Here's Christine's recipe, as she says it's a big hit with her family, I'm sure it will be for yours as well.

Chocolate Granola
Mix in crock pot:

7 C. organic old fashioned oats
1/2 C. ground flax
1/4 C. organic brown sugar
1/2 C. shredded coconut
Pinch of sea salt
½ C. raw honey
2 T. maple syrup
¼ C. coconut oil
2 T. cocoa powder

Mix well and heat on low all day, stir once in while.

After slightly browned (4-6 hours on low) stir in:
½ C. 70% chocolate or darker, finely chopped
1 C. chopped almonds & walnuts

Cool completely then store in an airtight container

Chocolate granola photo courtesy of Christine Michael Gibson

Thursday, March 11, 2010

fairground food

Walking around the fairgrounds at the Houston Livestock Show and Rodeo all my senses are assaulted; the flashing lights, the booming pounding music, the loud chatter of the crowds, and the smells of fairground food. Fried food, smoked food, barbeque, spun sugar, all swell around me creating an almost hypnotic state.

As I look around at the food choices on offer I am amazed at what I see. Batter-dipped cheeseburgers, fried with a generous topping of powdered sugar. Blooming onions, chicken-fried bacon (you know you're in the South when you find chicken-fried anything), 2-lb jumbo smoked turkey legs, cheesecake dipped in chocolate. There was even one stand that was offering gator and pork-a-bob (not sure what that is but not sure I want to know either). The beverage choices were similarly calorie-laden, gallons of sweet tea, frozen drinks, and colas, not to mention all of the alcoholic options available.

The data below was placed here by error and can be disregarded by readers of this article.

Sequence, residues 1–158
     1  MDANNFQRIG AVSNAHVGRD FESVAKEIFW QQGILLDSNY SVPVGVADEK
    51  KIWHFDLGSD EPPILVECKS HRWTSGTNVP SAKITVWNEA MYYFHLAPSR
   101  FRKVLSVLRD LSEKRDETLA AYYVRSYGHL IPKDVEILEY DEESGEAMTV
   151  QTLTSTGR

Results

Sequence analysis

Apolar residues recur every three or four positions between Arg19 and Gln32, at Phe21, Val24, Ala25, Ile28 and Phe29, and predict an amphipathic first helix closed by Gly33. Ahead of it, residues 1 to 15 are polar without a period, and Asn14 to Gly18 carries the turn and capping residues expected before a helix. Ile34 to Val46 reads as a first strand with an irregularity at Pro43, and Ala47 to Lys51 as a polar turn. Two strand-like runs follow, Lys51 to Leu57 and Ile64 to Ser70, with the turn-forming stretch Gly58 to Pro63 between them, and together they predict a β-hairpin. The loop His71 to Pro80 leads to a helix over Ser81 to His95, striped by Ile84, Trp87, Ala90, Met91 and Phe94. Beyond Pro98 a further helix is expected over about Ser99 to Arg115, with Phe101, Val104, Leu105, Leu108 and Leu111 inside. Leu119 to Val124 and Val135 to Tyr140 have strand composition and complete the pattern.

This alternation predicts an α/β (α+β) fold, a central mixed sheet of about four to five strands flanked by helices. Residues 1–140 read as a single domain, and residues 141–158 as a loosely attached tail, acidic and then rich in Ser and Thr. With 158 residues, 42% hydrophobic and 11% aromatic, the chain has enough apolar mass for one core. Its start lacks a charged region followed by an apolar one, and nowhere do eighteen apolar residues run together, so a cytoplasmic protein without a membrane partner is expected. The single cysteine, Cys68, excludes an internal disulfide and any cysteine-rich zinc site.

It was a day of fun, enjoyment and enthusiasm at the Rodeo. Unfortunately it was readily apparent that for large numbers of people at the rodeo a steady diet of saturated fats, over-sugared, over-salted food is the norm. I think of fairground food as something that, while never the best choice, would be a occasional treat (and I did enjoy that cheesecake although I only ate half of it as the serving was overly generous and extremely rich). It is sad to realize that for many people, although they don't eat fairground food on a regular basis, this style of eating is their daily habit. Rich, fatty, salty, sugary foods that have dulled their palate. That appeal to the childlike habit of comfort foods. As a culture I believe we have come to a point where many of us have lost our taste for whole foods. For healthy, fresh foods that contain the nourishment our body demands.

I'm certainly not trying to be a killjoy and demand that no one ever enjoy these fairground treats. We live in the real world and an occasional indulgence is certainly not unreasonable. What is difficult is when we allow these occasional treats and this unhealthy eating habit to become the norm.

Start now; make it a point to eat whole foods, low processed, fresh and in season. Eat more fruits and vegetables in a rainbow of colors. Reduce the palate-numbing, non-nutritive indulgences to an occasional treat. It's time to educate yourself and your children about healthy choices, everyone will be better off for it. Remember, eat well to be well.